This was after having already purchased our 4th Noritsu lab. So we bought 4 Copal’s in the next few months as we were expanding more rapidly. However we recognised with this error of judgement that the workhorse ability of Noritsu far exceeded the fine sensitivity of the Copal machine.

We expanded to 11 labs as well as 2 shops. Mostly they were in stand alone street frontage shops but 2 M/L were in department stores in Ipswich and Mackay, so one of Queensland’s largest provincial cities.

Mr Bob Evans (proud to be the only non-Japanese CEO for Noritsu) helped oversee our continued growth. Fotofun was the first export client of Noritsu Koki Co., Ltd worldwide. This has grown into a huge multi million dollar-a-year businesses with over (10,000 employees in Japan and in 22 countries).

Fotofun 3 biggest promotions were

  • Using Jeannie Little an Australia ‘Ocker icon’ to re-emphasise 2nd set of prints. It was a $64,000 ‘suck it and see’ program on TV. It worked well and got us recognition but was not cost effective. The outstanding memories are a long lunch at the old Milano’s restaurant in Queen Street with Jeannie. Heaps of patrons approached our table to say G’day to Jeannie. The other memory was the actual making of the TV ad – lights, camera and plenty of action!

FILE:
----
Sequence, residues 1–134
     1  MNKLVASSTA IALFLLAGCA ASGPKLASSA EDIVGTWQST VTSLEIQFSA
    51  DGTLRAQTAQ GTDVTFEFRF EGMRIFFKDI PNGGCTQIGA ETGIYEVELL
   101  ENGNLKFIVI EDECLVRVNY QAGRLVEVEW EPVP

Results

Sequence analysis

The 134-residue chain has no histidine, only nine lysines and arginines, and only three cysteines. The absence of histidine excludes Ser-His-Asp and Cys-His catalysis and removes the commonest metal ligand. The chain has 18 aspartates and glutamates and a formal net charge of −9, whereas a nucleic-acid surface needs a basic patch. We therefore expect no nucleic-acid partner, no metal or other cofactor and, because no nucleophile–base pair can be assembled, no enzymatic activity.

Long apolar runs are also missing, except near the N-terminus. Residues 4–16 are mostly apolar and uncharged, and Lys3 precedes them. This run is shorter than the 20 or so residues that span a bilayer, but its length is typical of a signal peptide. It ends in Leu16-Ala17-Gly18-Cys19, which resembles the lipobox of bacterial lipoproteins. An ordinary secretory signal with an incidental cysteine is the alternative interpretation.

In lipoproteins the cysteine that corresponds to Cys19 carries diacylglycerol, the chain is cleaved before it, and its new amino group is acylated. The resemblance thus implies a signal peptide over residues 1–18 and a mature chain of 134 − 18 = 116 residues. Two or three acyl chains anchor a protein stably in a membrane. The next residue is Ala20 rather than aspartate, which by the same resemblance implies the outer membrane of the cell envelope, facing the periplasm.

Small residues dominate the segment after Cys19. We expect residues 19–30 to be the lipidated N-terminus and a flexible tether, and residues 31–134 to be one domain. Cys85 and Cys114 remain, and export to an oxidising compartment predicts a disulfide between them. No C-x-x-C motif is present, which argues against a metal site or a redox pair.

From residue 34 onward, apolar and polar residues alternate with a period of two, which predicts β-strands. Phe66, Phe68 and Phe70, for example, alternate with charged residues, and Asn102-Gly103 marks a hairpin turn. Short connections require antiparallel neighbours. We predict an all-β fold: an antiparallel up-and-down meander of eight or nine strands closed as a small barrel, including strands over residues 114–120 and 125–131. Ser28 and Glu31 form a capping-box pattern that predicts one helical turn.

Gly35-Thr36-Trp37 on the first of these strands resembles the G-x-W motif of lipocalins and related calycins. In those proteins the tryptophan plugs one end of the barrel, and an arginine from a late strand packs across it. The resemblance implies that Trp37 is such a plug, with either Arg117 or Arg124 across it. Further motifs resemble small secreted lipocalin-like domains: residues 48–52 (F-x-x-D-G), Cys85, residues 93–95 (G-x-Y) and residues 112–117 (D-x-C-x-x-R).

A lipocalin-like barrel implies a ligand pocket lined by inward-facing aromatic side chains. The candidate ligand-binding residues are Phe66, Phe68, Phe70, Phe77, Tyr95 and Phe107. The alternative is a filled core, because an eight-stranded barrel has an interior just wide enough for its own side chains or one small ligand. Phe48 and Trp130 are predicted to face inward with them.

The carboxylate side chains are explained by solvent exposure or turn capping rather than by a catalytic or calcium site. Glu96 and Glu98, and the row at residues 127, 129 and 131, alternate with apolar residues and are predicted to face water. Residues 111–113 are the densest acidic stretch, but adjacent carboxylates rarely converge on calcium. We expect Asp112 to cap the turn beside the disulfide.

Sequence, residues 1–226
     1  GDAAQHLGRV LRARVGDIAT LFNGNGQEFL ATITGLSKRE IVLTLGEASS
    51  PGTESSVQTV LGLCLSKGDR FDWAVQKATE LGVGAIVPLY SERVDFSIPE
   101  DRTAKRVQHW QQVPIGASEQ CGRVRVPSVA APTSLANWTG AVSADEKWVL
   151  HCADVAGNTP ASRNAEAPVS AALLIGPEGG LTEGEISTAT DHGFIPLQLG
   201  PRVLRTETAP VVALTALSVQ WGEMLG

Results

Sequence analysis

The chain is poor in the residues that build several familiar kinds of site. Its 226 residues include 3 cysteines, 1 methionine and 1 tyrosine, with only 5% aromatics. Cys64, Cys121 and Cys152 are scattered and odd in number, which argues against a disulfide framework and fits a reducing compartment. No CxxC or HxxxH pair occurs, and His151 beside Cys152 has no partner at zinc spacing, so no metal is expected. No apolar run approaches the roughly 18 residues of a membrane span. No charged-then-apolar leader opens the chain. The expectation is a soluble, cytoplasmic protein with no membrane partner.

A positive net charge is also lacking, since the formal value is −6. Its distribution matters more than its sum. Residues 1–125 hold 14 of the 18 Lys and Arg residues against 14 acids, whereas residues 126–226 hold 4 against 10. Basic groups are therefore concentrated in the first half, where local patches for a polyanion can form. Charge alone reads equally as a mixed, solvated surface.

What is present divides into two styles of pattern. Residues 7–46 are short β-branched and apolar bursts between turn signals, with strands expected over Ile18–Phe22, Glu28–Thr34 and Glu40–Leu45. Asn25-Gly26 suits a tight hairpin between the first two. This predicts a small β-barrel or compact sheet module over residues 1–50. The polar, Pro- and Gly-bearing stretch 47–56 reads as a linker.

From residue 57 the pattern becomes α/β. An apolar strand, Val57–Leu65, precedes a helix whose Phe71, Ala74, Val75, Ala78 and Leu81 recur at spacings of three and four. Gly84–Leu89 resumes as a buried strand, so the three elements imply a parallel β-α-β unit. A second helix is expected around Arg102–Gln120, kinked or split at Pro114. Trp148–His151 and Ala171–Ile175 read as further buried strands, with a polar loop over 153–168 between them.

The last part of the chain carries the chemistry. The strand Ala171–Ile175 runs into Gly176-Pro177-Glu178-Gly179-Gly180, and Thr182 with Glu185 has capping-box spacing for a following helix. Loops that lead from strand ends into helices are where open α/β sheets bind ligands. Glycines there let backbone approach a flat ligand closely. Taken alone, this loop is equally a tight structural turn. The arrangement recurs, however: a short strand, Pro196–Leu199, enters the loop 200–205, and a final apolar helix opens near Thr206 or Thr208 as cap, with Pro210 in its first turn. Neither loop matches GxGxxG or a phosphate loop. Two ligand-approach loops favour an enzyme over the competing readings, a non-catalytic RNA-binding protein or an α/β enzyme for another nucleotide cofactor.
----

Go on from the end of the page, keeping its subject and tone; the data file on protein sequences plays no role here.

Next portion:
• A grand dinner at the then new Michael’s restaurant (on the site of the present Broadway Arcade) as we needed to get recognised by the landlords and shopping centre manager and big retailers particularly GJ Coles and Woolworth’s and Myer etc. This videoed six-course function achieved more than we could dream as we were offered sites all over Australia. The down side was that it awoke the retail chains up to a highly profitable specialised area. Unfortunately long term Woolworth’s went with AGFA equipment but Coles went with Kodak and hence Noritsu. Fotofun is the reason why the Australian market has the highest percentage (74%) of films being processing in M/L in the western world. Approximately 40%. These remain the two biggest influences on the retail price and are the lowest in the western world. In the long run we obtained good sites as a result of this grand promotion.
  • With the XII Commonwealth Games coming to Brisbane in September 1982 we decided 2 years prior to become associate with this great event and would produce 1 medallion per sport per month. We spent over $168,000 over the 18 months leading up to the games. See photos of the medallions that we produced. We thought this would build the business even more but we found out there weren’t as many numismatic (coin collectors) out there as we originally thought.